One dropped comb was still mostly vertical as it sat on the floor. The rest had unfortunately come to rest lying on the floor in partially fused layers, somehow joining as well with the bottoms of other unfallen combs. Or perhaps more combs had partially broken but the bees had been able to build new comb all the way down, as opposed to the first three, whose top bars showed just a few short beginnings of new comb construction. That might explain one patch we saw of old, dark comb surrounded by fresher wax. However it happened, it was a much worse mess than in Dorcas.

The cleaning was a tedious affair. To provide working room we removed the follower and any empty bars, placing them on a nearby bench or on the ground leaning against the hive. Any bars with comb we placed in a home-made frame holder capable of holding several combs. We then carefully cut and lifted the comb from the floor onto a sheet tray, scraping the floor as clean as we could while trying not to shake the hive. We proceeded in this wise until we saw no more comb on the floor and straight comb hanging from the bars. Coincidentally this was the start of the brood area. Or did tougher brood comb better resist breaking and falling? We do not really know what started the catastrophe.

Throughout all this the bees were surprisingly calm, too preoccupied with reclaiming honey from the combs being removed to bother stinging the vandals removing them. Once or twice they seemed to buzz a little impatiently and swirl up as if reconsidering the stinging option but a puff of smoke proved effective counterargument. Still it was a relief when at last we replaced the bars and closed Clarissa. Since what comb was on the bars was straight and true, we did not need to remove any as we did in Dorcas.

And now to process the stolen comb for a little more honey and a little more wax as we wonder why this season has had so much fallen comb.

Have you ever in some long term project made an early, uncaught error that increasingly corrupted every subsequent step until eventually the supervisor who should have corrected you in the first place finally notices and informs you that all your work will need to be redone? Building comb can be like that for a honeybee.

Last Sunday it was time to pay attention to Dorcas. Opening her unoccupied area we removed the moisture-absorbing pillow and observed some spots of black mold and a small puddle of water. Nothing too troubling. Then it was time to crack the follower. It is a pity that taking pictures during the procedure would have been one task too many for we would be working our way through an artistic phantasmagoria of wax sheets with excrescences, tunnels, and a whimsical sense of verticality. The picture at left of the trimmed combs and fragments does not adequately represent the waxscape we had to fight.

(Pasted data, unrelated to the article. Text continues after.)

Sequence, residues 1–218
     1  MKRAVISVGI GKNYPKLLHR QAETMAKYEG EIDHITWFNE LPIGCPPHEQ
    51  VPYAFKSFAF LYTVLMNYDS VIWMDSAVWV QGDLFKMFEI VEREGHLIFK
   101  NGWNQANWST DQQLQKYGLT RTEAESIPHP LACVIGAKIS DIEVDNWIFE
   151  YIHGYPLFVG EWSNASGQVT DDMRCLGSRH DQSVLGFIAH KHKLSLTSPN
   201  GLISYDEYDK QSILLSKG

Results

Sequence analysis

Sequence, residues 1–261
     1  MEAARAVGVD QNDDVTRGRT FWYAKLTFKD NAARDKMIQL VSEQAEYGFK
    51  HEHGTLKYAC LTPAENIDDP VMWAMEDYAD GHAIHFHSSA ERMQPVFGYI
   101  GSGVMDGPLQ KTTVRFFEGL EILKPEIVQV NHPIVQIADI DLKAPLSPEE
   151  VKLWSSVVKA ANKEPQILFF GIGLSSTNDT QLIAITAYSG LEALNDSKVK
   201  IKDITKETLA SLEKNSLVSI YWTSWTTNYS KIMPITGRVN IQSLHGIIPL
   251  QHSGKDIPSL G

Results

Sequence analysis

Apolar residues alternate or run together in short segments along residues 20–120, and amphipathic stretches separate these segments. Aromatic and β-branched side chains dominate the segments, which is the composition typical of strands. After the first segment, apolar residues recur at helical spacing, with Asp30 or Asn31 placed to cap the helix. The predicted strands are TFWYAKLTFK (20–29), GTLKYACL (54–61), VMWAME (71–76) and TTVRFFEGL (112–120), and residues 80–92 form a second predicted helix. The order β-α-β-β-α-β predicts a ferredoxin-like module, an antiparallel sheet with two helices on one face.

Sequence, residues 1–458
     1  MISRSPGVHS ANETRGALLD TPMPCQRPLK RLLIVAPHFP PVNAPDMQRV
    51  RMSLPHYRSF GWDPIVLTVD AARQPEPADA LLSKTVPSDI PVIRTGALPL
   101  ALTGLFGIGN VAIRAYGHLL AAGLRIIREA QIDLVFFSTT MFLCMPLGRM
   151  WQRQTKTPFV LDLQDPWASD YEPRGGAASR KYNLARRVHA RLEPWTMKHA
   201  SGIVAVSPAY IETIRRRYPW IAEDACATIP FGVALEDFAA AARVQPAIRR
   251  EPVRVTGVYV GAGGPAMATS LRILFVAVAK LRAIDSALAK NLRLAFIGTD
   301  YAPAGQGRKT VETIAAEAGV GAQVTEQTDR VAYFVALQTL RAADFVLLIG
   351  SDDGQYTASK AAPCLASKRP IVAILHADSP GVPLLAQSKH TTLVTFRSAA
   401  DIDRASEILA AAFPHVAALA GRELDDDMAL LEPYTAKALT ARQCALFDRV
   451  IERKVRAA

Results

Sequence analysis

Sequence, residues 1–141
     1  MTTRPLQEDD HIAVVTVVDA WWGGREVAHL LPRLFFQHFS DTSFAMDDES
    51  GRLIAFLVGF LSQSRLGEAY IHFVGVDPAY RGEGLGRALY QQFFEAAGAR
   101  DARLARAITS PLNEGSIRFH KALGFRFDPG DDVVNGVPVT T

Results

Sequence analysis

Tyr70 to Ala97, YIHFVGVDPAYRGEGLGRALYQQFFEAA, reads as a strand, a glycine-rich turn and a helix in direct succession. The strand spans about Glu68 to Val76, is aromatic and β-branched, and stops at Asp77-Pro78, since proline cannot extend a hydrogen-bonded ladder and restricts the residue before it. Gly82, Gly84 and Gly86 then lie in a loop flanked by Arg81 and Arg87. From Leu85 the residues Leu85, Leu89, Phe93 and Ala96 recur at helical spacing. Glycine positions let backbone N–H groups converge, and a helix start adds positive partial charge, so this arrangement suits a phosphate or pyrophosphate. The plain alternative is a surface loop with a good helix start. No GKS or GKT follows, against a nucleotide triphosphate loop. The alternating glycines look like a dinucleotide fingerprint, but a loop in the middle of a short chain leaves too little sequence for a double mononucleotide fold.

We were greeted by a misshapen comb with the right half much thicker than a typical honeycomb and the left half, sporting a flying buttress at a right angle, much narrower. Cutting attachments and excising the worst outgrowths we slid this bar back to reveal another monstrosity, thick and thin and twisted, having exerted bad influence on the comb we first saw, itself led astray by the comb we had yet to see. Repeat through a jungle gym of more combs of untouched honey and comb being filled with nectar until we arrived at the original fallen comb, attached to the floor and sporting odd vertical features. This is the comb we should have cleaned up much, much earlier. Did schedule and weather not allow? Or were we just negligent? We do not recall.

On the other side of this mess, the combs were much straighter and we began encountering brood and we saw the queen! Overall there were four combs thick with brood, mostly worker with a little drone. And plentiful bees. While not bursting as Beatrix seems to be, Dorcas is adequately populated.

In the end we removed the irredeemably misshapen comb, sadly depriving Dorcas of nearly all her leftover honey and empty comb in which to store incoming nectar. We also pulled the four of her original frames that were yet empty. The fifth held brood. In exchange we judiciously inserted some empty top bars on which she may build straight comb and gave her a jar of syrup as encouragement1. Poor Dorcas is much smaller than she was. Considering how mellow the bees were during all our surgery and thievery, she may not bear us a grudge but will simply and stolidly, as bees do, set to work rebuilding.

We would have liked to inspect Clarissa as well but with other tasks requiring completion we decided that we had inconvenienced enough bees for one day2 and contented ourselves with removing the pillow, exposing some black mold, and leaving a jar of syrup.


1We feel like the reviled stereotype of a villainous commercial beekeeper. Take all the honey, leave them sugar, and twirl one’s mustache while laughing an evil laugh.

2 Is this how comb remains fallen?

It is that vigorous phase of the eternal shoving match between summer and winter that we call springtime in Michigan. Daytime grows longer and the sun makes more frequent appearances to warm us but sudden gloom, cold winds, and even attempts to snow still occur. Natheless last Saturday we felt confident removing the black, insulating panels from our hives although we left the black on their rooves yet. We had hoped to also inspect all our hives and possibly deal with the fallen comb we know awaits in Dorcas but the day began to cool almost as soon as it got adequately warm for hive-opening. So we confined our intrusion to Beatrix, where we much wished to make room for a follower board again.